How do I know what I am getting?

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Sep 3, 2000
People from all over call anonymously every day and ask me questions similar to the above. They are finding what seems like incredible bargains because they have shopped well, but now have the problem of realizing they simply cannot tell if the deal is fair or if there is misrepresentation involved.

What comes to my mind is: Who do you trust? Why would you place your trust blindly in a relatively unknown seller?

I urge people to get a time set into the deal before payment is made or several days after payment is made to go and have their purchase verified for proper accuracy. I''m always amazed and saddened by the general lack of understanding of how to protect oneself during a purchase. At the time of purchase is the best time to be proactive in protecting your rights, not after you discover a hidden problem.

Diamonds with no GIA, or AGS report are very likely to be graded differently than their represented quality. Even diamonds with GIA and AGS reports often get somewhat different opinions and occasionaly one discovers a wrong report with a diamond entirely. Some diamonds with other lab reports have what appears to be bargain prices, but usually the prices reflect what the diamonds actually would grade and not the higher grades on the report. Once in a while, these diamonds are the very best deal in the market, but you cannot possibly know that before an expert sees it. All of this can be accidental, but sometimes sellers of certain badly documented diamonds intentionally use this phony grading to make sales. We don''t see a lot of bad guys out there selling diamonds from legitimate store fronts or from well respected Internet firms, but plenty of diamonds are bought on on-line auctions and flea market sellers who are here today and gone tomorrow. Nearly every major market has at least one or more B&M retailers who do use corrupt lab documents to defraud innocent consumers. The claim that all lab reports are the same is hogwash. Don''t fall for it.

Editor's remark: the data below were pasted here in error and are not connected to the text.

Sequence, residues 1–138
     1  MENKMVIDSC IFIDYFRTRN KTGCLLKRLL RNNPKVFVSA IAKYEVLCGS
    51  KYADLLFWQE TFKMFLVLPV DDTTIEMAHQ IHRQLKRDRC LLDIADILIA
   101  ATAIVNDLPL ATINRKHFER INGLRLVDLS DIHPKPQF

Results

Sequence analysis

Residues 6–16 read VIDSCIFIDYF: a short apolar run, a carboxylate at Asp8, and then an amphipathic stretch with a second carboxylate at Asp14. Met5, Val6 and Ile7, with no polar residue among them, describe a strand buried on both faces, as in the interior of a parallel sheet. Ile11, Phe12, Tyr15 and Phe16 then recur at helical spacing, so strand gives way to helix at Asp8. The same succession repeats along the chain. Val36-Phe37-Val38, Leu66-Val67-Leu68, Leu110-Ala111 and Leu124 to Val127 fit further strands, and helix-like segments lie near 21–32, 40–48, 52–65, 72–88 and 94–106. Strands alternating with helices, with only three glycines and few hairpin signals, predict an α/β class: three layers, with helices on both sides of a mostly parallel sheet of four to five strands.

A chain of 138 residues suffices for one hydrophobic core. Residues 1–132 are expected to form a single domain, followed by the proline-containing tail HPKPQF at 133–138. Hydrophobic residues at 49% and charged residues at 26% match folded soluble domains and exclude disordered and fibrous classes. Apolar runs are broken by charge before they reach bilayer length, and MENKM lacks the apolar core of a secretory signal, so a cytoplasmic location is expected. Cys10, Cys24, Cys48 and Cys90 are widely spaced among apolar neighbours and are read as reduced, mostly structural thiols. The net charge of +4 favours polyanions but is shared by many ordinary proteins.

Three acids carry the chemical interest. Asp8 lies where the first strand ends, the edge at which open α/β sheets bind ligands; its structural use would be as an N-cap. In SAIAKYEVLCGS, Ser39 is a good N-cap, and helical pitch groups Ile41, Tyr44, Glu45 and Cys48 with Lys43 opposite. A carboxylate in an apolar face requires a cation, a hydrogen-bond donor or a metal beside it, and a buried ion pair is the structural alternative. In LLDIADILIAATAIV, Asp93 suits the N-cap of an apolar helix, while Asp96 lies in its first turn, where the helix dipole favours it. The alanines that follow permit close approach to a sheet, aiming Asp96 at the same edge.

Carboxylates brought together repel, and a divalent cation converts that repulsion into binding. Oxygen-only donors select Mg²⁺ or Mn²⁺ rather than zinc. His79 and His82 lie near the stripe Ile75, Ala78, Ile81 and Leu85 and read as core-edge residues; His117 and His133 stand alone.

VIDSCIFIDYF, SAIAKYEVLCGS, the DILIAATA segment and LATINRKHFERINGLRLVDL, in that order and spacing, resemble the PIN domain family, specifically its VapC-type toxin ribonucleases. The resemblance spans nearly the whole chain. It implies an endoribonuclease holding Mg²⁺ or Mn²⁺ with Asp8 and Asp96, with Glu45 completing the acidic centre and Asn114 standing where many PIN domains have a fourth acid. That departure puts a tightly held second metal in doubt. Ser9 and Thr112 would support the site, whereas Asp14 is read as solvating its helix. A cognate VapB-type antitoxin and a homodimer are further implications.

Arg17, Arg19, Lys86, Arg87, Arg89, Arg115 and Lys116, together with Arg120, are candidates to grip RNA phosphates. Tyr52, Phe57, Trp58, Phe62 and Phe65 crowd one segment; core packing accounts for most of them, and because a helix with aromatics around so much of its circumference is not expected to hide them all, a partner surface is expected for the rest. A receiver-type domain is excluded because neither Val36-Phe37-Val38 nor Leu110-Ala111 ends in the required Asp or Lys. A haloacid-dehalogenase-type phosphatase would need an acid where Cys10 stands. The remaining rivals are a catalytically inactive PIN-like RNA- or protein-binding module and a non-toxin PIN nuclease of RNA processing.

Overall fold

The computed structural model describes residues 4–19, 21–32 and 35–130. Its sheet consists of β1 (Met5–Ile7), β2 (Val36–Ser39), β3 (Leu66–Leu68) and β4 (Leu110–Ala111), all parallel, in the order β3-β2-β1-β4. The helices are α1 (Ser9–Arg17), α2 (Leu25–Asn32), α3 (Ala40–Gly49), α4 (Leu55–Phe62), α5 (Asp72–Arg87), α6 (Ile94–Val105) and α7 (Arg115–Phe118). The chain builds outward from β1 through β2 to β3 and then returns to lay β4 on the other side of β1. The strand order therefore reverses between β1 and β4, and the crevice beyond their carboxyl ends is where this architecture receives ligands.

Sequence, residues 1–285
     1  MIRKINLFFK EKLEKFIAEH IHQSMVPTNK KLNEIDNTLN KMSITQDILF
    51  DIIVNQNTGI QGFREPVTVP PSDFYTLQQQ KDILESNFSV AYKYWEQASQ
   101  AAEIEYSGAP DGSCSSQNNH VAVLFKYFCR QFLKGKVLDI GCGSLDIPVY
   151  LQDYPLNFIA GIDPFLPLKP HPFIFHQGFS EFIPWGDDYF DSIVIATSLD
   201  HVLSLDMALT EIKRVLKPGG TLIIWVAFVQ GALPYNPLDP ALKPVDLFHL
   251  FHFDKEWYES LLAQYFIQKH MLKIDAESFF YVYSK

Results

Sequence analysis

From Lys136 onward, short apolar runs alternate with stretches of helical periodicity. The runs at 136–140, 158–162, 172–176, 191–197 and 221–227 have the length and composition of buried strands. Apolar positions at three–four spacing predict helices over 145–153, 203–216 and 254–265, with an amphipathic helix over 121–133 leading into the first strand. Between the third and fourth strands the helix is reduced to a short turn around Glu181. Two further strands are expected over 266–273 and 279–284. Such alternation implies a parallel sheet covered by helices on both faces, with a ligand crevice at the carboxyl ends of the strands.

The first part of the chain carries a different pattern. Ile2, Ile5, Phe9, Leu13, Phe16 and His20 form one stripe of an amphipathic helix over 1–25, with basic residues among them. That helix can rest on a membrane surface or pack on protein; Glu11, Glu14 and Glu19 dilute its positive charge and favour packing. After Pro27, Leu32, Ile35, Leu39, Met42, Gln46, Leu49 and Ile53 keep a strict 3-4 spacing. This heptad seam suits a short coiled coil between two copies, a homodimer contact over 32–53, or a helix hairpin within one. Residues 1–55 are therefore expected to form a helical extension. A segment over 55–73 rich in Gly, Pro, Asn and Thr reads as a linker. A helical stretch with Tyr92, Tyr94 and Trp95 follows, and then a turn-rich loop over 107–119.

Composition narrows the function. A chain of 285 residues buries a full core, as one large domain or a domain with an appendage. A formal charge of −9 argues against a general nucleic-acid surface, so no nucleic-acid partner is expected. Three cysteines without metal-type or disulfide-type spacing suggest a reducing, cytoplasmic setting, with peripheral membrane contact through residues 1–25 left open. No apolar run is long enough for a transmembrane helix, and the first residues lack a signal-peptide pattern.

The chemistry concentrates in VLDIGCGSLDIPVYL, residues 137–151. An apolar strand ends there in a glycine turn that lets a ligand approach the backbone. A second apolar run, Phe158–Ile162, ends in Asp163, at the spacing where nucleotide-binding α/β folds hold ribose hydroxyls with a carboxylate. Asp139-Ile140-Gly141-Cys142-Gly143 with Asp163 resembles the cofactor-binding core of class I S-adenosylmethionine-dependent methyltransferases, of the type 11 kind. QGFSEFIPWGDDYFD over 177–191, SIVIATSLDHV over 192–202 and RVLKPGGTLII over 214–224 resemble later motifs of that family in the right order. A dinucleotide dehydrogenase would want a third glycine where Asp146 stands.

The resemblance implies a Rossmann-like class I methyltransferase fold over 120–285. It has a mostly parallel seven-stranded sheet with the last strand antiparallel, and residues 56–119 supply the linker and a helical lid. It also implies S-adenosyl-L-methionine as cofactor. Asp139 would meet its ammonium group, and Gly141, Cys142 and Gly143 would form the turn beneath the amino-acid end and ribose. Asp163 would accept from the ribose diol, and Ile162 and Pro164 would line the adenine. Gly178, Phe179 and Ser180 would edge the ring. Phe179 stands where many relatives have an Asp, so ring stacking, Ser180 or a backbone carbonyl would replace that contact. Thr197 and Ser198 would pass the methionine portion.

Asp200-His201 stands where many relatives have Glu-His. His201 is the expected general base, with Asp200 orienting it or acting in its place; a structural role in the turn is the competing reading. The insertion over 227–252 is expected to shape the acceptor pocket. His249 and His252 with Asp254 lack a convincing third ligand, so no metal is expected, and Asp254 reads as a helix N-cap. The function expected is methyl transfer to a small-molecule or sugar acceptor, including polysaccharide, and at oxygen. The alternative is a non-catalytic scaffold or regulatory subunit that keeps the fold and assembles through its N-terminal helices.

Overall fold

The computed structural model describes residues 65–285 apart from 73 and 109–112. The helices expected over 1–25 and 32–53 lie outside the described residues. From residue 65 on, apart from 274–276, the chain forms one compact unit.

After all the education you can get here about diamonds, a consumer still can easily be victimized. A very large part of getting a bargain and a great deal is actually getting it and not coming close yet missing the brass ring. Be thorough, less impulsive and cautious. Determine the sort of seller you are dealing with. If paying means it is yours with no return privileges, be extremely skeptical. If inflated values or non-GIA or non- AGS reports are part of the sales pitch, be very protective of your wallet. Don''t fall for a bargain that is too good to be true. Let Bernie Madoff set your eyes to reality on getting way more than a faiir deal.....It rarely, if ever, happens. Nearly all lab reports are useful and welcome, but it takes expert interpretation to know how to rely upon specific ones. A consumer just can''t do it alone.

We are in increasingly desperate times. Sure, it isn''t the end of good living forever, but the economy may lead more sellers into pushing the honesty envelope a bit more and more. Reliable sellers are far less likely to be tempted if they stick to the high road of proper documentation and adequate return policies.
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